- Medium round piping tip: to make the fluffy clouds, you’ll want a medium round tip like Ateco #12.
- Piping bags:I always have a ton of these clear piping bags on hand. They’re great quality and I often wash and re-use them again and again to cut down on waste.
- Blue food coloring: To give the clouds that dreamy blue-streaked tint, use a bit of sky blue food coloring.
Here’s a quick photo guide to making these Pot of Gold cups. For full printable instructions, see the recipe card below.
Bake a yellow sheet cake and let it cool, then cut it into small cubes.
Alternate layers of cake cubes and buttercream in your candy kettles. You should get 2 layers of each. Smooth the top of the buttercream on top.
- Fit a piping bag with a medium round tip. Spread a few streaks of blue buttercream on the inside of the piping bag, then fill the rest of the bag with white buttercream. Massage the bag between your hands to mix the white and blue colors a little bit.
- Pipe two fluffy piles of buttercream on either side of the candy kettles so that they look like clouds.
- If you want to decorate your cups with buttercream rainbows, follow the instructions here to make the rainbows. Lay them out on a baking sheet and freeze until firm.
- If you don’t want to make the buttercream rainbows, you can use rainbow cupcake toppers or rainbow sour belt candies instead.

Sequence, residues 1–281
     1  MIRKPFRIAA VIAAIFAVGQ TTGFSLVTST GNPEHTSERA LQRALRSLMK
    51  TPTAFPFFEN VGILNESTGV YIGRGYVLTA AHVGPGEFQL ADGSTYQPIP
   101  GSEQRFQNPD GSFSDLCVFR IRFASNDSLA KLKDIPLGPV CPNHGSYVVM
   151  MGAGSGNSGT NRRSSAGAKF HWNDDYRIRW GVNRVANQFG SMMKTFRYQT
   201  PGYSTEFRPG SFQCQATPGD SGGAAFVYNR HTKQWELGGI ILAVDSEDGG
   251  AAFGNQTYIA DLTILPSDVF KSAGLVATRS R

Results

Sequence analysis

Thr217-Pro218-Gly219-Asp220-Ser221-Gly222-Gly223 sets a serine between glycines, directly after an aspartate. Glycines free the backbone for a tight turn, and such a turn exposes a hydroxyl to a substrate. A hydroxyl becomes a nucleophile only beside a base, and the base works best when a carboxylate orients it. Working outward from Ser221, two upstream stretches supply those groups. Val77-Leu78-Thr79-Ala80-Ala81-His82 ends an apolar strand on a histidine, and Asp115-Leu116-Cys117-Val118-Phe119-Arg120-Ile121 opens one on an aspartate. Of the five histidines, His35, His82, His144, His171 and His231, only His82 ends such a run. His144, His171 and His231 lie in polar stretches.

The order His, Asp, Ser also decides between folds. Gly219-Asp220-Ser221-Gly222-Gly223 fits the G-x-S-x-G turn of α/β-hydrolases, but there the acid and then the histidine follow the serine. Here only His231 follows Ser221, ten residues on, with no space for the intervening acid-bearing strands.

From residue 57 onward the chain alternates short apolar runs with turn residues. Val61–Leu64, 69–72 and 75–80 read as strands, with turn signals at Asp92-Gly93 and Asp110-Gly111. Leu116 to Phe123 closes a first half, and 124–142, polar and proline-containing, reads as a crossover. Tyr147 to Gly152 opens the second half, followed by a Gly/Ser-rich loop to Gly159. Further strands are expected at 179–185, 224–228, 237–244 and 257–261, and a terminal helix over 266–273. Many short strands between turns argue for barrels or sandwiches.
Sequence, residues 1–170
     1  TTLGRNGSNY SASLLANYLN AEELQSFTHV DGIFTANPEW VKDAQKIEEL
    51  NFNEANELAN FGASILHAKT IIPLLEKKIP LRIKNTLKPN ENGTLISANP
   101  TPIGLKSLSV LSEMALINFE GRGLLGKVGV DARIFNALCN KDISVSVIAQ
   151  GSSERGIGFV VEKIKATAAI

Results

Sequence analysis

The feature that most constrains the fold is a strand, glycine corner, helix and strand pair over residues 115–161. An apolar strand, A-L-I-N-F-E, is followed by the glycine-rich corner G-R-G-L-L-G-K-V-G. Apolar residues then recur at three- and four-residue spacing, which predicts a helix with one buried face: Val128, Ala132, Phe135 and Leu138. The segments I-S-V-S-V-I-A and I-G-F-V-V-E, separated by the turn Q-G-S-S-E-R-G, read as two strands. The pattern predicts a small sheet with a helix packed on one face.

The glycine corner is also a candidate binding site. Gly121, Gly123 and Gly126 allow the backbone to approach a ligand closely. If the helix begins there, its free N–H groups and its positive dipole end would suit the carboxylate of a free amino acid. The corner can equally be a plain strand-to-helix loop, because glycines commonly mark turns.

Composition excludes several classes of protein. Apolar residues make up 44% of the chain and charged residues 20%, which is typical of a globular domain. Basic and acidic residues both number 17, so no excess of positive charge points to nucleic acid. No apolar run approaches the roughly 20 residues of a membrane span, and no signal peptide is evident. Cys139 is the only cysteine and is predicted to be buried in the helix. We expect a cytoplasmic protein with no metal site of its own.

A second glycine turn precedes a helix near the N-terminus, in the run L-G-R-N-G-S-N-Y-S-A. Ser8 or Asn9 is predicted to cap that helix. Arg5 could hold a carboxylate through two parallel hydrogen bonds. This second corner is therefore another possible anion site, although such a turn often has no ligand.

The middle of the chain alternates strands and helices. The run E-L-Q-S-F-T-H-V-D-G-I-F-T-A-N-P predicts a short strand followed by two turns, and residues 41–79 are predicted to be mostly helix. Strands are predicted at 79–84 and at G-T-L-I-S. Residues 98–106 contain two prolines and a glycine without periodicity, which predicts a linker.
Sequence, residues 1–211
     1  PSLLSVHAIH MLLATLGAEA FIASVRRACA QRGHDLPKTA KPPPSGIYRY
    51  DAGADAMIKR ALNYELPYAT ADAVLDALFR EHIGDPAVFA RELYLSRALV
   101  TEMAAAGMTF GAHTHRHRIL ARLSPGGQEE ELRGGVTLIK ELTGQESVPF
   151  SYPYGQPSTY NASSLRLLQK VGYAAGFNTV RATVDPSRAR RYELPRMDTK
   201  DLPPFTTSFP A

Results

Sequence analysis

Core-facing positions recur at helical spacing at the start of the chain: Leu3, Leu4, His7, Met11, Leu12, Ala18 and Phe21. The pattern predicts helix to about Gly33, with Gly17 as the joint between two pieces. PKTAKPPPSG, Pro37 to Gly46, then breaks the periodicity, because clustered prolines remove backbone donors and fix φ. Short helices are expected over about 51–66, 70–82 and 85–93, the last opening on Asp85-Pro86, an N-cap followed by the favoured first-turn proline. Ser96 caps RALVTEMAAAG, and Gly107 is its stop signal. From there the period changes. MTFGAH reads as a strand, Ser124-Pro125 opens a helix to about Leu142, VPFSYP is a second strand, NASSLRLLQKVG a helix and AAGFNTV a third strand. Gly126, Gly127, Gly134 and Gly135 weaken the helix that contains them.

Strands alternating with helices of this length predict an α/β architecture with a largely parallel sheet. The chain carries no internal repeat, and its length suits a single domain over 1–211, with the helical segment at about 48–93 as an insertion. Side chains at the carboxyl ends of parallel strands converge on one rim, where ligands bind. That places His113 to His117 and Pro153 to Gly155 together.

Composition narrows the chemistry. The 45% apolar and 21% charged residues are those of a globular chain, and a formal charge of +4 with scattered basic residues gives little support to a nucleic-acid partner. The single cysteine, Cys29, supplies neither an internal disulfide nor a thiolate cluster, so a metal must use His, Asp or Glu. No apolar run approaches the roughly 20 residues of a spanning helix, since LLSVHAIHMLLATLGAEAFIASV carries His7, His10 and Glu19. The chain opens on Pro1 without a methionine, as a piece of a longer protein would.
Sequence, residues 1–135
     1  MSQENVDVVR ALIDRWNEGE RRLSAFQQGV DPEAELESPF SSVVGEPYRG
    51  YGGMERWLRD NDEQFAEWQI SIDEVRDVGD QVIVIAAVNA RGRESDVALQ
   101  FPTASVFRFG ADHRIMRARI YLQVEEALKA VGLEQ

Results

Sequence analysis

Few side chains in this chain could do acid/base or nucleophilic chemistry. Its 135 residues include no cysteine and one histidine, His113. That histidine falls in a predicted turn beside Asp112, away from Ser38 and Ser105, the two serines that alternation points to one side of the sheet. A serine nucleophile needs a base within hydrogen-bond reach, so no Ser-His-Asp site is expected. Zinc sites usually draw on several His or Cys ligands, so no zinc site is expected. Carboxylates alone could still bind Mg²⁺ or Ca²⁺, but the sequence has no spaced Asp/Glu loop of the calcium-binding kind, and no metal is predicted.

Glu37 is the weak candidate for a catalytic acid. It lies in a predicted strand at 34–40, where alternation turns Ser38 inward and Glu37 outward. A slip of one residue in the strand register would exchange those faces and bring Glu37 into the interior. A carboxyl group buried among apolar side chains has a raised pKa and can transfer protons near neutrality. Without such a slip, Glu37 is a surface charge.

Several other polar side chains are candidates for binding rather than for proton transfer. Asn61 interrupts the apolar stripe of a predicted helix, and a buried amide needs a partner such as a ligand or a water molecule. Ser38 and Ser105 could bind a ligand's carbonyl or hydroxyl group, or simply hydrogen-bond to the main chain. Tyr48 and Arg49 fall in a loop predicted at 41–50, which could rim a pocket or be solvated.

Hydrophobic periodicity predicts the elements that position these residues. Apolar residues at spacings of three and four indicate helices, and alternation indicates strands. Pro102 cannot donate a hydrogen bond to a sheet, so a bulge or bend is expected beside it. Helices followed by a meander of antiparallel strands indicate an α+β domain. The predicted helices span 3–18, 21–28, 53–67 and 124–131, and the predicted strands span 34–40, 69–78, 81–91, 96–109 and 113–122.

- When the buttercream rainbows are firm, peel them from their parchment backing and firmly press them into the top of the candy cups.
- Finish by piling a glittering mound of gold sprinkles in the center to complete the pot of gold look!
❤️ More Rainbow Desserts
- Rainbow Frosting for Cupcakes and Cakes
- How to Make A Fondant Rainbow Cake Topper
- Birthday Present Mini Cakes
- Rainbow Cake Push-Up Pops
- Pastel Rainbow Gelatin Cups
Rainbow Cake with Rainbow Frosting
Pot of Gold St. Patrick’s Day Cupcakes
For the cake:
- 1 box yellow cake mix + ingredients needed to make it, (16 oz box)
For the frosting:
- 4 oz pasteurized egg whites, see Note below
- 1 lb powdered sugar, (4 cups)
- ¼ tsp salt
- 1 lb butter, cubed and at room temperature
- 1.5 TBSP vanilla extract
- Blue food coloring
For assembly and decoration:
- 20 plastic candy kettles, washed and dried
- ⅓ cup gold dragee sprinkles
- 20 buttercream rainbows, or other rainbow cupcake toppers
Make the Cake:
- Preheat your oven to 350° F (175° C) and line a 9×13-inch rectangular cake pan with parchment or foil. Spray the pan well with nonstick cooking spray or brush it with homemade cake goop.
- Prepare the cake batter according to the directions on the box. Scrape it into your prepared pan and bake it according to the box directions, about 30-35 minutes. Allow the cake to cool completely before assembling the cake cups.
Make the Frosting:
- While you wait for the cake to cool, prepare the frosting. Combine the whites, powdered sugar, and salt in the bowl of a large stand mixer fitted with a whisk attachment. Mix everything together on low speed, until the sugar is moistened and no dry patches remain. Turn off the mixer, scrape down the sides and bottom of the bowl with a spatula, then turn the mixer to medium-high speed. Beat on medium for 5 minutes until white, shiny, and thick.
- Switch to a paddle attachment and turn the mixer to medium-low. Start adding the softened room temperature butter in large chunks, about 2 tablespoons at a time. Once all of the butter is incorporated, add the vanilla extract and mix it in. Stop the mixer and scrape down the bottom and sides once more. It is normal for the frosting to look lumpy or broken at this point.